We added Loma Prieta Winery to our trip (yes, as in the Loma Prieta Earthquake that struck the Bay Area in 1989 ) which is not technically part of the wine trail but is located several miles up the hill from MJA (seriously “up the hill”). If you’ve never driven in the mountains, this is not the road to cut your teeth on. Thankfully I grew up in the mountains so no issues with the road other than the occasional glare from Karen who clearly thought I was driving too fast. You’d think after already visiting four Wineries (never mind having driven with me for 20 years) it wouldn’t have been a problem. Apparently I was mistaken. That happens a lot. Once we arrived, the views were spectacular. It is located 2,200 feet above sea level and on a clear day, you can see the rolling ridges of the Santa Cruz Mountains as they approach the sea as well as at least 40 miles of coast line from Pacific Grove most of the way to Santa Cruz. Today there was a low mist on the ocean, lending an ethereal stillness to the view. There are ample picnic tables and a Bocci Ball court, all with a view that seems to go on forever. We started with a 2010 Viognier that was light and not overly perfumed. It would have been a nice summer wine. Loma Prieta is the only Santa Cruz Winery that we know that produces a Pinotage, which they were tasting as well. We’ve tasted this one before and although we enjoyed it, we found the 2010 vintage a little fruitier than past versions.
All in all, we called this one a very successful trip. Even though we have visited all of these wineries before, we had never followed the Summit Wine Trail so it was a new experience. We suggest that you pack a lunch, possibly a coat (you are in the mountains after all, very close to the cold Pacific Ocean) and make a day out of it. You won’t be disappointed.
Updated – December 18th, 2012
It’s nice when we get a chance to go back and see a winery that we missed from a Wine Trail. In this case, Villa del Monte was closed when we visited the Summit Wineries but after we posted the blog, they were kind enough to call us and let us know when they would be open.
First off, finding it can be an issue because they are not allowed to put out any signs due to some agreements with the neighbors. If you’re coming from Highway 17, head south on Summit road for just over a mile and look for the “green mailbox” on the right hand side of the road. When I say green, I mean really green. The only way this green was created involved something highly radioactive. If you see a mailbox that requires sunglasses just to glance at it, you’ve found the place. Head down the hill and go until you reach the end of the road and you are there. If you park above the winery, make sure you bring hiking boots, ropes, grappling hooks and any other mountaineering equipment you favor because it’s a short, steep walk. Seriously, for the ladies (and I suppose any guys who may be into that sort of thing), as long as you don’t wear those seriously high heals that add 6 inches to your height you’ll be fine. It’s steep but very manageable. There are also a couple of parking spaces on the lower level by the wine tasting area where there is no need to navigate the hill. The experience of tasting well made wines in the middle of the woods makes this well worth the trip. Now – enough about the venue -we were here for the wine and Villa Del Monte’s doesn’t disappoint. They make a number of different types but seem to have a soft spot for the classic Burgundian wines, Chardonnay and Pinot Noir but talking to the winemakers, they consider their flagship wine to be the Carneros Merlot. It was quite good (Karen’s 2nd favorite and my 3rd) but we both like the 2010 Regan Pinot best. It was not overly heavy which is how we prefer our Pinots. If we want heavy, we’ll drink something else. The Chardonnay was actually my 2nd favorite and Karen’s 3rd (unusual for me because I almost always favor well made reds). The Pinots are also priced less than $30, which is a really good value for the quality.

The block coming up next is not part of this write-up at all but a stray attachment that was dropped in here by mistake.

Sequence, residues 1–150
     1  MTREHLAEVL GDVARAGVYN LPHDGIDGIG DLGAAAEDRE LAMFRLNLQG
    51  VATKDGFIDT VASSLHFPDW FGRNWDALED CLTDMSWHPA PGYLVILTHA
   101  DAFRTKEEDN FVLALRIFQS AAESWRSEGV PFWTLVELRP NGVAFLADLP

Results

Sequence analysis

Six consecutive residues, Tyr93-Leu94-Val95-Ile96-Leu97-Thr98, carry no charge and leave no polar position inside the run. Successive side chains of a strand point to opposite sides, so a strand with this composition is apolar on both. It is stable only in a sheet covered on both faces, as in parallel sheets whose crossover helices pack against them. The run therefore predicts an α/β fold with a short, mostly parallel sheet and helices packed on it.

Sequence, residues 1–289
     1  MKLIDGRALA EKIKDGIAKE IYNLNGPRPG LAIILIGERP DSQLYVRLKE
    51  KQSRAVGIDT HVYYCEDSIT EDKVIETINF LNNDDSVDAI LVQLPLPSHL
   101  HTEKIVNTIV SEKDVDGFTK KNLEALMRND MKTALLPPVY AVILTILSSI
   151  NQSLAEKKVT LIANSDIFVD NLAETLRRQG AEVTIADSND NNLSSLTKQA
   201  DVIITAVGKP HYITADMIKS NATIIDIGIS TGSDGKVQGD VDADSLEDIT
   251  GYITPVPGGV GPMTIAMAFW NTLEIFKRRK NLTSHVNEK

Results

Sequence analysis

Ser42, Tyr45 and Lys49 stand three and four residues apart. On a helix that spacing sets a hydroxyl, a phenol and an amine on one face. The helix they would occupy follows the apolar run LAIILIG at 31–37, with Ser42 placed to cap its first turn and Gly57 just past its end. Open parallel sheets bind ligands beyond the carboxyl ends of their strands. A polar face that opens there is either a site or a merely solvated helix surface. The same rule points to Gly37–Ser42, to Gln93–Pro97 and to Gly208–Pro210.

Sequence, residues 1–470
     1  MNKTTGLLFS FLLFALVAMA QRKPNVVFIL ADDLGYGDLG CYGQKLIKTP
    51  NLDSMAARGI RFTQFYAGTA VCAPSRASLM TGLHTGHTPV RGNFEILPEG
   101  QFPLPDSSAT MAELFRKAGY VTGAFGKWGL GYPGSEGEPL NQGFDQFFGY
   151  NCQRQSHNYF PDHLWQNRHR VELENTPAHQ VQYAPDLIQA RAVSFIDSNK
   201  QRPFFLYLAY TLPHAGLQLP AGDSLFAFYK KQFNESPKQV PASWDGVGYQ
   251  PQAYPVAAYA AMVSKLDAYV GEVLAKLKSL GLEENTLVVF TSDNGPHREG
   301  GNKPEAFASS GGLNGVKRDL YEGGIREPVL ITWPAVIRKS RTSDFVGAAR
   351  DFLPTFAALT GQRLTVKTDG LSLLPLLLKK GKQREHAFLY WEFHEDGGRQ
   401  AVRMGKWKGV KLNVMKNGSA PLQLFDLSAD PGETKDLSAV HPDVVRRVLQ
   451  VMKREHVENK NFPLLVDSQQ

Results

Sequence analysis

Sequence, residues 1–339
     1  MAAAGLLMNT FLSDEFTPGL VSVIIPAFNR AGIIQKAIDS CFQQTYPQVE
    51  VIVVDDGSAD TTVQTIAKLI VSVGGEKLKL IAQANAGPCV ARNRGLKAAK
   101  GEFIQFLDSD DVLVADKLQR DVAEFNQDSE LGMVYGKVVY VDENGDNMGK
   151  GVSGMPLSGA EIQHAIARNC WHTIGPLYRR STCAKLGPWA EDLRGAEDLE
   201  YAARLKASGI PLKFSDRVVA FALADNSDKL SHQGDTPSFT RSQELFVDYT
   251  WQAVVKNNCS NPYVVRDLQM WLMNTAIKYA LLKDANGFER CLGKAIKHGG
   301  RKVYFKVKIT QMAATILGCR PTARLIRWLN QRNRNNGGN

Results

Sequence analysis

If you are coming, call a day or two ahead to be sure they will be open.